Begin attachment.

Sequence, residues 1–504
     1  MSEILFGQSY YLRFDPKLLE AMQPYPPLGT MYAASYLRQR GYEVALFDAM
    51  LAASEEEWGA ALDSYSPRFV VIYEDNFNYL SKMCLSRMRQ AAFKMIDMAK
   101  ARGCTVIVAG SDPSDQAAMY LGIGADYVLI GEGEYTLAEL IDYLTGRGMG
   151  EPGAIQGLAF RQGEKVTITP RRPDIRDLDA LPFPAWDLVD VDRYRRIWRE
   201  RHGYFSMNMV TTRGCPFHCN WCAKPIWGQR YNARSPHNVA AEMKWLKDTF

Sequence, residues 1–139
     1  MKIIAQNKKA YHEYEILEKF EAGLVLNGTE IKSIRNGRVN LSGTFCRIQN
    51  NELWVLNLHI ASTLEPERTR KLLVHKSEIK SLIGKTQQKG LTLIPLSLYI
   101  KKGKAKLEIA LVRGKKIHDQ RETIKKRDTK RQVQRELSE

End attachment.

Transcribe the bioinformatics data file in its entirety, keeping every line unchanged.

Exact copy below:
Sequence, residues 1–504
     1  MSEILFGQSY YLRFDPKLLE AMQPYPPLGT MYAASYLRQR GYEVALFDAM
    51  LAASEEEWGA ALDSYSPRFV VIYEDNFNYL SKMCLSRMRQ AAFKMIDMAK
   101  ARGCTVIVAG SDPSDQAAMY LGIGADYVLI GEGEYTLAEL IDYLTGRGMG
   151  EPGAIQGLAF RQGEKVTITP RRPDIRDLDA LPFPAWDLVD VDRYRRIWRE
   201  RHGYFSMNMV TTRGCPFHCN WCAKPIWGQR YNARSPHNVA AEMKWLKDTF

Sequence, residues 1–139
     1  MKIIAQNKKA YHEYEILEKF EAGLVLNGTE IKSIRNGRVN LSGTFCRIQN
    51  NELWVLNLHI ASTLEPERTR KLLVHKSEIK SLIGKTQQKG LTLIPLSLYI
   101  KKGKAKLEIA LVRGKKIHDQ RETIKKRDTK RQVQRELSE